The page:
The main plot is less interesting than the secondary ones (Gibson and the French sisters; Nora and her journalist beau, which is just very sweet), but I think that's because it's about the two straightmen characters compared with all the funny ones. Although Laura Fraser is still ethereally beautiful, and very good at the whole wide-eyed-innocent thing. I do enjoy her acting. I smell a comeuppance coming for that twat she calls her husband, of course; what else would you expect?

Hey, it's Anna-Louise Plowman and her atrocious American accent again! Why does the BBC consider her adept at those roles? Ow. Does anyone else find her rather wooden? I've noticed this in Doctor Who and SG-1, as well as in this mini. Sigh. But her Vivien Leigh impression was pretty funny--sadly, I'm not sure it was intentional...

Ooooh, they filmed at Stourhead! It looks much better on a bright summer day than on a dreary afternoon in October.

And ooooooooh, pretty costumes and sets. Naturally. I kind of want to make myself a straw bonnet if only so I can have all that pretty ribbon on it.

ETA: Okay, maybe I'm not going to be that particular spinster aunt. Hmm. Also, my @#$%*&^(#&!@*(@(&@(%&(@^%(! tape cut out only about an hour and fifteen minutes into the second part, just as we first see Sir Marmaduke and family in the Swiss Alps. Gaaaah!!! Maybe PBS will air it again sometime. Or I suppose I could go read the book...


May. 2nd, 2006 12:12 am
icepixie: (To the very end)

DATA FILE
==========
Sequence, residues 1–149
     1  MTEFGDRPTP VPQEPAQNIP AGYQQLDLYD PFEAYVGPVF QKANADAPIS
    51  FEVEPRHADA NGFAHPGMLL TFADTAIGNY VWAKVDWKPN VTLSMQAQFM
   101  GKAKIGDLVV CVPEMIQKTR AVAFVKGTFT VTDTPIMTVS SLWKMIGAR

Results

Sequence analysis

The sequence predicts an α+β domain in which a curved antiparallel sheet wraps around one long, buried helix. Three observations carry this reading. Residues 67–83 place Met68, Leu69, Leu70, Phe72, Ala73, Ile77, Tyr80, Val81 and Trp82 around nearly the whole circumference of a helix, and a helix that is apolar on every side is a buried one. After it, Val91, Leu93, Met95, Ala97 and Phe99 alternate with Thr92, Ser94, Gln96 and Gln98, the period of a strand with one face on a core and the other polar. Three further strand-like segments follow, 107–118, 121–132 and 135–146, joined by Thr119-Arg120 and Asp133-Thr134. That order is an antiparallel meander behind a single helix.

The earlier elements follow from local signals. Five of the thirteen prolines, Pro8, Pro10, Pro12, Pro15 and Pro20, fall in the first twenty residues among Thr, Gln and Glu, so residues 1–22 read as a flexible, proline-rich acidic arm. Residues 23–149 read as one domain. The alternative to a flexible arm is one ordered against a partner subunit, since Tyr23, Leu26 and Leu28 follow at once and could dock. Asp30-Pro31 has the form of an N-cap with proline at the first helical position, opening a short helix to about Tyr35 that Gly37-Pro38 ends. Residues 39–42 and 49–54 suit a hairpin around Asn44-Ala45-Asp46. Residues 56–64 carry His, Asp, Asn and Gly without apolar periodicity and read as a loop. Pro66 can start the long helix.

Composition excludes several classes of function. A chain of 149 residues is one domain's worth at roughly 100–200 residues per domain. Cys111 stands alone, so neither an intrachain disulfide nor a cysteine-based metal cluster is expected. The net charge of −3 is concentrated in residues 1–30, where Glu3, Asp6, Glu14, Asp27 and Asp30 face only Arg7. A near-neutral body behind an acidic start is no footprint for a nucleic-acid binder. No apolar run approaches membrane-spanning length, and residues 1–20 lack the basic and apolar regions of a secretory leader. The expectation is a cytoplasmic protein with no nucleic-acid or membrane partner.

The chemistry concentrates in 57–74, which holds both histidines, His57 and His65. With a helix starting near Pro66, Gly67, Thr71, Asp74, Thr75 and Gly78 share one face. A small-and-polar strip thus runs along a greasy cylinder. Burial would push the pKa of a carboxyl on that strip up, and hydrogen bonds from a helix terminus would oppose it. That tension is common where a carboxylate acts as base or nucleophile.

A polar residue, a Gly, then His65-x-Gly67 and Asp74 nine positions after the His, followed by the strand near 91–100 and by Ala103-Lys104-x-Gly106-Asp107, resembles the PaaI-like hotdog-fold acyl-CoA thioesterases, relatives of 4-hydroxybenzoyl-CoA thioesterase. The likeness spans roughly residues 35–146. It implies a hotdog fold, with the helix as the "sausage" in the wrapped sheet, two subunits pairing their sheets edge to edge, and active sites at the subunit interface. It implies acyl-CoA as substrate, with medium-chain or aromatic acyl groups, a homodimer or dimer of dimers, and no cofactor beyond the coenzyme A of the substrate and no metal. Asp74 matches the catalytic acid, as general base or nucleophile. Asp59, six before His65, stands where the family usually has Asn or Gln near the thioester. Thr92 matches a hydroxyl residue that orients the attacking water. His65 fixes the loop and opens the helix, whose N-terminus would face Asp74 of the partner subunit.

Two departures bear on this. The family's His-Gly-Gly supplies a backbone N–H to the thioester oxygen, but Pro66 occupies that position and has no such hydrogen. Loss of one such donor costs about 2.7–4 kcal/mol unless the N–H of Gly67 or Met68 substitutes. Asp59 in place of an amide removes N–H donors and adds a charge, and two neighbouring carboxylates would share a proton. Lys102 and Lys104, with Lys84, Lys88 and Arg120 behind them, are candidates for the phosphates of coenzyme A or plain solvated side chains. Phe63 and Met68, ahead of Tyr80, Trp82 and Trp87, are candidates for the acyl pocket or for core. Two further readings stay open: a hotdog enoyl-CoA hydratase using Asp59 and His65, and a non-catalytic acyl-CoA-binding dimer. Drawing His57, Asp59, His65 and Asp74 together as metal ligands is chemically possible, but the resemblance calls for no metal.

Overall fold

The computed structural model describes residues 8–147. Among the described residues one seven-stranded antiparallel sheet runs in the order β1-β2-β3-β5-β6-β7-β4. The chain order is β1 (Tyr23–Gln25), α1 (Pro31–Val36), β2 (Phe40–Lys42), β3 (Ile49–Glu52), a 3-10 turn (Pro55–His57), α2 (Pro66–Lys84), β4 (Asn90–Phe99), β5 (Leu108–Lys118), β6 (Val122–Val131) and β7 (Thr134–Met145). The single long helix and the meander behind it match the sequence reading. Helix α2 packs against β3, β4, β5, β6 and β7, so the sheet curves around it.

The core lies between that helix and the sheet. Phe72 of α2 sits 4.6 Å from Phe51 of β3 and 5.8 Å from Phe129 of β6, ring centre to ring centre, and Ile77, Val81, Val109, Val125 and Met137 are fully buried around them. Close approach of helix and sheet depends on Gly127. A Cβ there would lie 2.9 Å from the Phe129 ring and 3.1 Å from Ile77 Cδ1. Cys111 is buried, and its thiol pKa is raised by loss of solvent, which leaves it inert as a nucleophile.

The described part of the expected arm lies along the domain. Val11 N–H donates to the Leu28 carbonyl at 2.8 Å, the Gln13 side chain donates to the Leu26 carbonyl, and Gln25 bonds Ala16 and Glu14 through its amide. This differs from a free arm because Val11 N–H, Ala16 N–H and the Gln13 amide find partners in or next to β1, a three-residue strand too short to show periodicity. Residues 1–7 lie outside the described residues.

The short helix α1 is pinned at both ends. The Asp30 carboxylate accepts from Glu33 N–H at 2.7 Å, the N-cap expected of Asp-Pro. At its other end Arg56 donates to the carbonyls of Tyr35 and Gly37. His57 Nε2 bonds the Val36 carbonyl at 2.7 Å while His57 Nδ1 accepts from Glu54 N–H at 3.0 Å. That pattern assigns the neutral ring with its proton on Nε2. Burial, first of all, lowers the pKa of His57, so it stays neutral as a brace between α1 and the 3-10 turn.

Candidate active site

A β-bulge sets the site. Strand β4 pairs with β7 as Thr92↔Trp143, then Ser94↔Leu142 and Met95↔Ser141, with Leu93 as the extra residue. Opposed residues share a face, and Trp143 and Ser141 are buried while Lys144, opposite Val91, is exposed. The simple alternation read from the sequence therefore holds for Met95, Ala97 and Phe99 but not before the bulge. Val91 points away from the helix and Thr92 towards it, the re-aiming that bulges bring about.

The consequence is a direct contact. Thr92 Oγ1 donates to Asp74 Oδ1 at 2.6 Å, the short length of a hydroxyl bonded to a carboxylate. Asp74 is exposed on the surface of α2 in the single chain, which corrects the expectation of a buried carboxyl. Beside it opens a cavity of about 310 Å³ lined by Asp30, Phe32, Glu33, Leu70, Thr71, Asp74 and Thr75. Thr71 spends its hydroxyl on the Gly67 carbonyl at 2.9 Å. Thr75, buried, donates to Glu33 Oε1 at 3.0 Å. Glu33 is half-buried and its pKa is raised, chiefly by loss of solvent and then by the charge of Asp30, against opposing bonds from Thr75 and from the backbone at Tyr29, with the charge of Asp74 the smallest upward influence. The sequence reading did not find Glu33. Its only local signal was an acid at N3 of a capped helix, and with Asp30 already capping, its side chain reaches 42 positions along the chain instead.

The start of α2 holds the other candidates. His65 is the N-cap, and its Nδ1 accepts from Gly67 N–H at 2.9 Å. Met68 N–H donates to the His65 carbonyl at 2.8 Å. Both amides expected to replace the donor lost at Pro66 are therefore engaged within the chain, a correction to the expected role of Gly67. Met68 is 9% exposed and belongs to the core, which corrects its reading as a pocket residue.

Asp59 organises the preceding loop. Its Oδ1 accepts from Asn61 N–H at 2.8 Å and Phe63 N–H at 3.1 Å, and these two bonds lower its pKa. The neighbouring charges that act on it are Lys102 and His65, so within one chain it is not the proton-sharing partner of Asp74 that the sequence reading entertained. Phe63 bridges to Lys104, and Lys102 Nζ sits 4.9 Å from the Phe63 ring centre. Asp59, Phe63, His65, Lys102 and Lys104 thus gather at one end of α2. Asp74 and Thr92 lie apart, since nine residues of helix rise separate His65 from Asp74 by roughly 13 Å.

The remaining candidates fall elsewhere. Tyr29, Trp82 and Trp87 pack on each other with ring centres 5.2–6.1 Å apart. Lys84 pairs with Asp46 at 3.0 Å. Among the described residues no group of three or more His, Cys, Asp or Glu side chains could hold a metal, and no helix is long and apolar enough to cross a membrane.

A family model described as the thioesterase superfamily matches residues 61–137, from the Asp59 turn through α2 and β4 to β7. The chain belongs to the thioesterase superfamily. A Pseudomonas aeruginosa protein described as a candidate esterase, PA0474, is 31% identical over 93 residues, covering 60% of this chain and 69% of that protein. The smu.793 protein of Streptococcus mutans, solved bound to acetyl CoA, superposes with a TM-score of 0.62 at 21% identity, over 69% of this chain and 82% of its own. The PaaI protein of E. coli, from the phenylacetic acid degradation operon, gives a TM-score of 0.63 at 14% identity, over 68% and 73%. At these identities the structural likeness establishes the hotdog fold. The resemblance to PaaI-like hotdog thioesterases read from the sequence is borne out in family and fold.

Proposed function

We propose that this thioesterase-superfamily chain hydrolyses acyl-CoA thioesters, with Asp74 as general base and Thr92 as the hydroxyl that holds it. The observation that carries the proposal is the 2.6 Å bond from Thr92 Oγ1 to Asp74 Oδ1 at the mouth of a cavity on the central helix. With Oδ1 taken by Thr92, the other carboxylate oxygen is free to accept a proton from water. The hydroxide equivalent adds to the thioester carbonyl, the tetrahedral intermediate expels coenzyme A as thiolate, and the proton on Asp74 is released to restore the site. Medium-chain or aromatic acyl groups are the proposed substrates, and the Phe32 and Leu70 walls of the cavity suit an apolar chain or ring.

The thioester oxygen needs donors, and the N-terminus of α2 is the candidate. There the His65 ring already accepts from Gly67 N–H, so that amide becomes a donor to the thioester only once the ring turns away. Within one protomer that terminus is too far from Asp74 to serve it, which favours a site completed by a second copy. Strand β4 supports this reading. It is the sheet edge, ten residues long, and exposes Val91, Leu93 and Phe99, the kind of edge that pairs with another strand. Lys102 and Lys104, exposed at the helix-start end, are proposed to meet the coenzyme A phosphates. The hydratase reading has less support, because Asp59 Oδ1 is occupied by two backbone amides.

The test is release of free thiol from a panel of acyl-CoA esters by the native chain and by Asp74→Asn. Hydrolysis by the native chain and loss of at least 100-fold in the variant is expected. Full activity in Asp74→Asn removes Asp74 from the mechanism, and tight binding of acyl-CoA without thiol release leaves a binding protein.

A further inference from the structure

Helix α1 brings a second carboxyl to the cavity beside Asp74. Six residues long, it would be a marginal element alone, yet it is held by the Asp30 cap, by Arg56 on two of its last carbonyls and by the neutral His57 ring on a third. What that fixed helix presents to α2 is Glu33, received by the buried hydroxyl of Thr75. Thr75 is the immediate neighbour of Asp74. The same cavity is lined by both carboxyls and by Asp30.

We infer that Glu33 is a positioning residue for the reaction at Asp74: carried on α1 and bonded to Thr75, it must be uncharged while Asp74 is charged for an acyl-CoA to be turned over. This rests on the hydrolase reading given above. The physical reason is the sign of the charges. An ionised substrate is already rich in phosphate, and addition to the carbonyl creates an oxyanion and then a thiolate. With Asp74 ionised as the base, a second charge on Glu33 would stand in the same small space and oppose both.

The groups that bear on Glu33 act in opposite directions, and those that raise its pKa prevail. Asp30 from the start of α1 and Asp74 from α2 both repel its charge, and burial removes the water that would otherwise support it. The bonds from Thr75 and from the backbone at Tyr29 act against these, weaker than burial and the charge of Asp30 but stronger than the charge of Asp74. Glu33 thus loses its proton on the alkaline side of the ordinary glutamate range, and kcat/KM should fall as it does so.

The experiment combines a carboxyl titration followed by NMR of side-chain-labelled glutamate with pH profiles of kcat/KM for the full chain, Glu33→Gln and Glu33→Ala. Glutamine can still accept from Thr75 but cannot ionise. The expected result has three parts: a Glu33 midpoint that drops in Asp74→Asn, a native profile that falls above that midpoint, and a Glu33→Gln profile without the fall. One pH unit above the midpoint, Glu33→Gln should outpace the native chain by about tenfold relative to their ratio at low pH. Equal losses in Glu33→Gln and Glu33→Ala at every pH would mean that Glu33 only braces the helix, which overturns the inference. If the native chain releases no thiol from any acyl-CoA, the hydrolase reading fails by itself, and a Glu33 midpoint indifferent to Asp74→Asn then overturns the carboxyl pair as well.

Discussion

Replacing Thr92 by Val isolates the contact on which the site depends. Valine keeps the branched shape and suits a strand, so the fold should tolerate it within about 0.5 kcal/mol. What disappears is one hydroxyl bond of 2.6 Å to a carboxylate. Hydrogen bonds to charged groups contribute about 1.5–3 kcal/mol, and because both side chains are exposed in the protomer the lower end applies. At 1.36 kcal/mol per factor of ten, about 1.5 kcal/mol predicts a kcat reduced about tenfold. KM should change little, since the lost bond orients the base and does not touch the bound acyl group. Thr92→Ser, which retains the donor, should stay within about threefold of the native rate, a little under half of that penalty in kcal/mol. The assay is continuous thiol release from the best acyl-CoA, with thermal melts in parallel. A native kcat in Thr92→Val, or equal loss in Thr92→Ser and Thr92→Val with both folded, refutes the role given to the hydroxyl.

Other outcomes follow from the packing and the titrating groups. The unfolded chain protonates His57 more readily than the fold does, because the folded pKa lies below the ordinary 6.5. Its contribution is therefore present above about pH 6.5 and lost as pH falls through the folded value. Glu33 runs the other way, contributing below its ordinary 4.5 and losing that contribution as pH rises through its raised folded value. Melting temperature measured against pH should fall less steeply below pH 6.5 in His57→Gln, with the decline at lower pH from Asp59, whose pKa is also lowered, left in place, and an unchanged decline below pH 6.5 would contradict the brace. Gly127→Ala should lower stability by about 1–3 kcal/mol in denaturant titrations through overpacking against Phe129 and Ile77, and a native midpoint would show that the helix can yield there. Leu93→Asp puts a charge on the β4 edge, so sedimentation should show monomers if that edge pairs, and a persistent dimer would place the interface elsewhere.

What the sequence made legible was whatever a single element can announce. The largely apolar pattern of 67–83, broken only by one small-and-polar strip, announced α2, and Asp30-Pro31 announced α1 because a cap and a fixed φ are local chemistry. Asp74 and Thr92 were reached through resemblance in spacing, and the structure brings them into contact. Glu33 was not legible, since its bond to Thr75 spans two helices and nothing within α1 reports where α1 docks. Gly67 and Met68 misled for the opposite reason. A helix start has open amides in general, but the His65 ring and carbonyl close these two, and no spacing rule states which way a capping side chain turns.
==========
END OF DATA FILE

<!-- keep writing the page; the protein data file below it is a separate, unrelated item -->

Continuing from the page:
Somewhere on the internet, whatever I could say about "School Reunion" has already been said. It's probably been linked to on [ profile] who_daily as well. However, because I can't keep my mouth shut... )

Also, one comment about Casanova )

There were many sniffles this weekend, oh yes.
icepixie: (Doctor adoring)
Oof. I can't believe I even watched an hour of that horrid The Cutting Edge sequel/remake that was on tonight. If they'd had D.B. Sweeney and Moira Kelly back to play Doug and Kate, it might have been worthwhile, but that was just...ick. Not that I was expecting anything good to come of that thing, but...yeah. Ow.

In better news, I got ahold of the first episode of the Casanova miniseries David Tennant (who is really very, very pretty) was in last year. "Hilarious" does not begin to cover it, I don't think. The opening absolutely hooked me, and then it went on from there. I cracked up so hard at DT's delivery of "This is beginning to scare me" directly to the camera when his third completely off-the-wall venture--from lawyer to doctor to astrologer--worked. Yay for breaking the fourth wall. Can't wait until PBS airs this at some point this year.

I kept thinking that Casanova's mother (played by Dervla Kirwan) looked awfully familiar, but couldn't imagine why. Then, for no apparent reason besides not wanting to face my research, I decided to see if there was any new Ballykissangel fanfic, and, through a long chain of events that involved me looking up an episode guide to try and remember what event a writer was referencing, I finally realized that she'd played Assumpta the pub-owner. Hee! Ballyk is, like Cupid was until last fall, one of those shows I've never actually seen, but which I've read and heard all about and still occasionally read fic for. ('Cause I'm a great big dork like that, you know.) Hey, it's basically Northern Exposure in Ireland, and there's the added bonus of defrocking of a priest. I'm in. Although that ending to season three is the stuff of nightmares, man. Talk about smooshing puppies, and I've never even seen it. It's times like this when I wish I had BBCAmerica.